"Negative coping encompasses any type of behavior employed as a quick fix to regularly avoid painful emotions or situations.  These are temporary distractions that reduce emotional pain in the short-term, but provide very little in the way of actual healing.  Negative coping is like emotional aspirin; it numbs the pain temporarily, but once it wears off the pain reappears. Often these patterns of behavior end up making your stress worse because they are unhealthy and require a lot of effort to maintain."

Even if you don't automatically know how to effectively deal with grief, it's important to minimize negative coping and engage in efforts to identify positive coping skills that fit your unique coping style.

Your outlook:

I find that people don't love being told that they should be mindful of their outlook. For this reason, I typically shy away from overtly suggesting that a person can, in many ways, choose their attitude. However, I recently re-read Viktor Frankl's, Man's Search for Meaning, which is based on his experiences in an Auschwitz concentration camp. Among many other important things, he said...

“Such people forget that often it is just such an exceptionally difficult external situation which gives man the opportunity to grow spiritually beyond himself.” 

Reading this section, I had a serious "Aha!" moment. It dawned on me that when everything is out of your control, the one thing you can control is your internal mental life. No matter what life steals from you, your thoughts and attitudes are always your own. Furthermore, you get to decide how you find meaning in life after loss. It may take time, but you'll get there.

Your support system:

Okay, so you can't choose your family and sometimes you can't choose your friends.  However, you can work on a few things relevant to your support system.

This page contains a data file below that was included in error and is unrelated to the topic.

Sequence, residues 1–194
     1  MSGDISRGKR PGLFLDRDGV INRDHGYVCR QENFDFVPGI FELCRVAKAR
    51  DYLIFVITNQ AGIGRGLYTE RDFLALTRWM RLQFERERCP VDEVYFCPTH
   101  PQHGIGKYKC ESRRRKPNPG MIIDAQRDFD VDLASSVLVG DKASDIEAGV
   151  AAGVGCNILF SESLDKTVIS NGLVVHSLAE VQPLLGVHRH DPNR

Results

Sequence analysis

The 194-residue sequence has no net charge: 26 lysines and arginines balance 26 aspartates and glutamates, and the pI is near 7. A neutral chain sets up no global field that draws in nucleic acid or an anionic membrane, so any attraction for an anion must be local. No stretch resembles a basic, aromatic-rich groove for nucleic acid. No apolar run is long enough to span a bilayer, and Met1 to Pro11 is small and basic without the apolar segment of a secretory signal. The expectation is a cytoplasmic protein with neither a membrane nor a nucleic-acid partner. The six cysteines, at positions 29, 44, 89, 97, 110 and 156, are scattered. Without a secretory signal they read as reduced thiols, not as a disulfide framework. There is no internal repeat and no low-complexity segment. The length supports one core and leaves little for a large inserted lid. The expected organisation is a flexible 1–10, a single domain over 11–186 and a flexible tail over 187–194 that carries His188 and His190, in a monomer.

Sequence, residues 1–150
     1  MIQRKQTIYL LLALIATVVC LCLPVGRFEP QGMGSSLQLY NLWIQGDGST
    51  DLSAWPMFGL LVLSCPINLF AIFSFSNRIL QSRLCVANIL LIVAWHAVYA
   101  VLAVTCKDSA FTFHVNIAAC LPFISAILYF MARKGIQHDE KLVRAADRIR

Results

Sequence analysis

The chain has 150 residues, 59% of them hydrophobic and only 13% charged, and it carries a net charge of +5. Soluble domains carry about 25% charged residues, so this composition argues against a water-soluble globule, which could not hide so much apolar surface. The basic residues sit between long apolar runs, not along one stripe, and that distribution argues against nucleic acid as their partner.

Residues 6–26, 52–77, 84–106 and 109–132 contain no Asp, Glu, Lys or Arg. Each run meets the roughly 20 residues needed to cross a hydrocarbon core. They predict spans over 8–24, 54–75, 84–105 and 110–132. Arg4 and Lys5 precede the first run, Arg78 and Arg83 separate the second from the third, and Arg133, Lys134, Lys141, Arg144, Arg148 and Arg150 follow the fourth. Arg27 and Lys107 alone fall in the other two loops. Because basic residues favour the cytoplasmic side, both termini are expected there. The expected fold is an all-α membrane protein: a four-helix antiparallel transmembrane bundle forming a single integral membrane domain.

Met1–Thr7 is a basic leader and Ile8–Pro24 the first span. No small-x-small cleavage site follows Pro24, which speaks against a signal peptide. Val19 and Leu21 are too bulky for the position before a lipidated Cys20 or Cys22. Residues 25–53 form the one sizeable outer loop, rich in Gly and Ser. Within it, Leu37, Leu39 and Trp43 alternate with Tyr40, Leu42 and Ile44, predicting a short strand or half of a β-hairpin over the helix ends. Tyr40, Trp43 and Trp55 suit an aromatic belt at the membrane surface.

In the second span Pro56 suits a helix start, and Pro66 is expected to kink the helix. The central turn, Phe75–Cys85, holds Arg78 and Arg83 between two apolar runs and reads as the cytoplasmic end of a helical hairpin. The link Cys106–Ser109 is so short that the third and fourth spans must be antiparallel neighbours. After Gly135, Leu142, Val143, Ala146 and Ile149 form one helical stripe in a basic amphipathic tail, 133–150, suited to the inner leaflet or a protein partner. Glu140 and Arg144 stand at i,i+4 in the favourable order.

1. You can work on utilizing your support system effectively.  Remember, everyone has different strengths and weaknesses.
  2. You can work on asking for help and accepting help.
  3. You can work on spotting emotional manipulation in your support system.
  4. You can search for community resources and mental health professionals to supplement your support system.

Your continued bond with your loved one

If you're not familiar with the concept of continuing bonds with deceased loved ones, we've written about it here. The main idea is this:

"When your loved one dies grief isn’t about working through a linear process that ends with ‘acceptance’ or a ‘new life’...Rather, when a loved one dies you slowly find ways to adjust and redefine your relationship with that person, allowing for a continued bond with that person that will endure, in different ways and to varying degrees, throughout your life.  

Perhaps the greatest respite you can find in your grief and pain is in your thoughts of your loved one, your memories of them, and in recognizing the ongoing role they play in your day-to-day life. Death may have physically taken your loved one, but he or she will always remain in your heart and mind and nothing on Earth can change this.


We wrote a book!

After writing online articles for What’s Your Grief
for over a decade, we finally wrote a tangible,
real-life book!

After writing online articles for What’s Your Grief for over a decade, we finally wrote a tangible, real-life book!

What’s Your Grief? Lists to Help you Through Any Loss is for people experiencing any type of loss. This book discusses some of the most common grief experiences and breaks down psychological concepts to help you understand your thoughts and emotions. It also shares useful coping tools, and helps the reader reflect on their unique relationship with grief and loss.

You can find What’s Your Grief? Lists to Help you Through Any Loss wherever you buy books:

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15 Comments on "Who's in Charge Here? Coping with loss of control"

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  1. Natakia  July 11, 2019 at 7:15 am Reply